It is important to use die() after a header redirect - here's why

Jan 8, 2013 php security
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I was doing some code challenge review for an open web developer position I have for my team, and I came across one piece of code that made me smile.

if (!$auth) {
  header('Location: /login.php');

Of course, there was much more, but this is the part that made me smile. Here’s why.

Always, always use a die() statement after a header redirect.

Remember, just because the browser is smart enough not to show the content, doesn’t mean that this isn’t dangerous. So, it’s a little less dangerous say if this page is just showing a user search option or some information. It is much more dangerous if this is a page that executes an action. This is because the entire PHP page will execute if you don’t put a die() statement.

For display pages, this just means that it will create output to the output buffer, ready to be sent to the browser. The browser will see the redirect header and not display any of the information.

However, on action pages, such as a record delete, the page will process the entire request, including the record delete, then reach the browser. The browser will then redirect to the login page.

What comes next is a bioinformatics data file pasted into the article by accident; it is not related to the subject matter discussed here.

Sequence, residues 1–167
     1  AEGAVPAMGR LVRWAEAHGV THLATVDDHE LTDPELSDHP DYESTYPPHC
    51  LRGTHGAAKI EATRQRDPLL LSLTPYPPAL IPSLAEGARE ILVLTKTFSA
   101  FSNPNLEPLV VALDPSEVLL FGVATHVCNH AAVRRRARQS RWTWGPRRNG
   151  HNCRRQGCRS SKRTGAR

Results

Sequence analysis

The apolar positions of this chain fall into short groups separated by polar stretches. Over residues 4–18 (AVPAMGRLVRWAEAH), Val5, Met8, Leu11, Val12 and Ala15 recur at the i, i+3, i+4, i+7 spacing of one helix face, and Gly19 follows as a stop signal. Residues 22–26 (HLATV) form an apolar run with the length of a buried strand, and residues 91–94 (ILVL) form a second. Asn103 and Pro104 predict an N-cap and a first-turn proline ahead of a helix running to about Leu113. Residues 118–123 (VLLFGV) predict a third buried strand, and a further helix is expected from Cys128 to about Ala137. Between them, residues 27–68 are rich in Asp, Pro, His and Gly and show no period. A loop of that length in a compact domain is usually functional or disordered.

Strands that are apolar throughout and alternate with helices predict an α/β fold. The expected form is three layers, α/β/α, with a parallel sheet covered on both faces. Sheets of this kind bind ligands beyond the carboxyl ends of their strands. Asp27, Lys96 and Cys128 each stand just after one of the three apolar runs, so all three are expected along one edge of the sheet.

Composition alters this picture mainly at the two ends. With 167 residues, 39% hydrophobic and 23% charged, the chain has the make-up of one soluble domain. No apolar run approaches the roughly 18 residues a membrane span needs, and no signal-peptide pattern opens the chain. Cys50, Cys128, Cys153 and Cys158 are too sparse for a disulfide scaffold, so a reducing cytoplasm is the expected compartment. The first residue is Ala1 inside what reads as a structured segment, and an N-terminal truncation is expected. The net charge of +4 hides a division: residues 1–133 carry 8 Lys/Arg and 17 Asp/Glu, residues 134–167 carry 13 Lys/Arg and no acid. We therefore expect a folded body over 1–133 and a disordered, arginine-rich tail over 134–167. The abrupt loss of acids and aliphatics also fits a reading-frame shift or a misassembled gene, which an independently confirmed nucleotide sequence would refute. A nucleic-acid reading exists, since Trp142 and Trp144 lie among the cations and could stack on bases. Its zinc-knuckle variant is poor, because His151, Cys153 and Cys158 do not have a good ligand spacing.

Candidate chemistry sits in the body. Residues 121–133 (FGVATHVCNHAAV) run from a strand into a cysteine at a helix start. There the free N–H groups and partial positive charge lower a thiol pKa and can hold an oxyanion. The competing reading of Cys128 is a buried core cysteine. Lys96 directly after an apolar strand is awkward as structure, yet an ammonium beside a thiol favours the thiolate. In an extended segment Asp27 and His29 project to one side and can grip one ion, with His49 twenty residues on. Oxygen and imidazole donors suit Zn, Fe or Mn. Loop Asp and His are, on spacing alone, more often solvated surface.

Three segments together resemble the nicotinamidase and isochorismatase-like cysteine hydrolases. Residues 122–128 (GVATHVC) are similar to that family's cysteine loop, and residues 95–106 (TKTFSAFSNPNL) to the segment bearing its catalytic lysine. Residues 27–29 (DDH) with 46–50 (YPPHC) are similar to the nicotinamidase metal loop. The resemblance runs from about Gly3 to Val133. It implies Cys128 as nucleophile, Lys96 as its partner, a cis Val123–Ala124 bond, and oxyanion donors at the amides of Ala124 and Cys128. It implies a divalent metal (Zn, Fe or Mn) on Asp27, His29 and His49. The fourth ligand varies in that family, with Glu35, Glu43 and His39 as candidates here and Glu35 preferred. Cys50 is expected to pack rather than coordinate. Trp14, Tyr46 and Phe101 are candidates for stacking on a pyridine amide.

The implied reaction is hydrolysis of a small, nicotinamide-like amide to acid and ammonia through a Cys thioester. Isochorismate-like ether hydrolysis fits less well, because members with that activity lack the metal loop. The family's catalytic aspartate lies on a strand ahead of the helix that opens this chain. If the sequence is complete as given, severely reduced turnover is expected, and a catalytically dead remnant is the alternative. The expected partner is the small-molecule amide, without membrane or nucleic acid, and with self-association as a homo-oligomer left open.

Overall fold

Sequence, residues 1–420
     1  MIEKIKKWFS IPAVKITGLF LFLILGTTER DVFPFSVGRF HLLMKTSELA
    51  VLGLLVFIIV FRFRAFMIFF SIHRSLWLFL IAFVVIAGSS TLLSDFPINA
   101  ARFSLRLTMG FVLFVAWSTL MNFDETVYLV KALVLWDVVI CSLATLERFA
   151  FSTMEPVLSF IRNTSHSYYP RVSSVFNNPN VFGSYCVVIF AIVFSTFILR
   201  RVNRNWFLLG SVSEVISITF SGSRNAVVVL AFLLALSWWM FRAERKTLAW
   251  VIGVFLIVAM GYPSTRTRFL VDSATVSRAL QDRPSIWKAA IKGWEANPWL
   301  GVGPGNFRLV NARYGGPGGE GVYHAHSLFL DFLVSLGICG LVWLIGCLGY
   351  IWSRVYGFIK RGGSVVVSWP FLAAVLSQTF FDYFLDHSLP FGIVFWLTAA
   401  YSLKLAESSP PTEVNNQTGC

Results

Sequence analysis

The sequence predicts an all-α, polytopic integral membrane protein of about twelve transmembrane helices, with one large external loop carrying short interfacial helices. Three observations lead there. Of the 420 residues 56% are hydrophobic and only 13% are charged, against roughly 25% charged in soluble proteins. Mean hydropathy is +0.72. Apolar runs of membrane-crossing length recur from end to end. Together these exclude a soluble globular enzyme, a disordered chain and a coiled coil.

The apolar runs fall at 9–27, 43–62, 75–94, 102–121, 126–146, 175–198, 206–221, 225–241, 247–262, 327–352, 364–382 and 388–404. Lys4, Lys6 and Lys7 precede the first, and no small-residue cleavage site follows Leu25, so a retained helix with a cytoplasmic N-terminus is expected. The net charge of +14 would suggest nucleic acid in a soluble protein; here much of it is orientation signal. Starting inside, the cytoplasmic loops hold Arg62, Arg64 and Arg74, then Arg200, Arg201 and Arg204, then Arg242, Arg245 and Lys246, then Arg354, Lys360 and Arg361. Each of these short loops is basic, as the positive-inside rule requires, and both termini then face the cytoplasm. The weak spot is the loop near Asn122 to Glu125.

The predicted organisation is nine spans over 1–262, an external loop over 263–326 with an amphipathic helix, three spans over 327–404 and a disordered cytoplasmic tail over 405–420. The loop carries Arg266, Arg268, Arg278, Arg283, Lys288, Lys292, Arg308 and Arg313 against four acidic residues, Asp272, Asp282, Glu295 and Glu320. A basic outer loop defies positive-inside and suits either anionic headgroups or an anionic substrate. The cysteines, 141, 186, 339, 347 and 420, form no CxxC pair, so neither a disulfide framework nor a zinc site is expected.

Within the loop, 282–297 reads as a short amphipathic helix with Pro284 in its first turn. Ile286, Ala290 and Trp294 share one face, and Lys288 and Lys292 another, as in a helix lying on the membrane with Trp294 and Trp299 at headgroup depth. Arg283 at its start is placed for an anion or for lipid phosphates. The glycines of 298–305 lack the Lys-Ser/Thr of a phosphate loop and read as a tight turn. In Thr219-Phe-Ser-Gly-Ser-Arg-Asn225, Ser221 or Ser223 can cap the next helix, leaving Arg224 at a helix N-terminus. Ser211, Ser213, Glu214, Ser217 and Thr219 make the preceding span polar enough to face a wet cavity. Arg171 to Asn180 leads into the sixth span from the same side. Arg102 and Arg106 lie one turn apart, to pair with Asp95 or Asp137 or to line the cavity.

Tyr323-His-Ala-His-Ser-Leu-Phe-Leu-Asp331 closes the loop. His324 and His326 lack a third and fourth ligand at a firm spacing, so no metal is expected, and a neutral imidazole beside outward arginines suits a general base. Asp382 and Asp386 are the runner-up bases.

Now here’s the real fun part.

I thought to myself: what if my browser started ignoring the redirect headers. Would I be able to see the content of the page? Theoretically, yes. So I wrote the following code for a Google Chrome extension:

  function(details) {
    for (var i = 0, j = details.responseHeaders.length; i < j; i++) {
      if (details.responseHeaders[i].name.toLowerCase() == 'location') {
    return {
      responseHeaders: details.responseHeaders
    urls: ["<all_urls>"]
  ['responseHeaders', 'blocking']

Unfortunately, what I found out is that there is an open bug to actually allow this functionality to work. It currently doesn’t allow you to edit the responseHeaders yet. (I even disabled all other extensions, just in case, as Google documentation suggests that only one extension can modify responseHeaders.)

Further research says that the API of declarativeWebRequest should allow for this - but this is currently in dev/beta release channels only, so I didn’t pursue. But the important part is to note that its probably rather easily attainable from the browser.

So I thought about this a bit more and said - well, the browser isn’t the only way to consume webpages. I have things like wget and stream contexts in PHP. So I went over to and grabbed a bit of sample code.

First, my “secure” page:

header('Location: /login.php');
echo 'Secure Stuff Here';

And now, my consumer:

$url = "http://localhost/redirectTest.php";
$opts = array('http' =>
    'method' => 'GET',
    'max_redirects' => '0',
    'ignore_errors' => '1'

$context = stream_context_create($opts);
$stream = fopen($url, 'r', false, $context);

Sure enough, the output of my var_dump() was “Secure Stuff Here” as a string.

So as you can see, its very easy to consume this data potentially in the browser - or at least via PHP. Of course, the lesson is:

Always use die() after a header() of “Location”.

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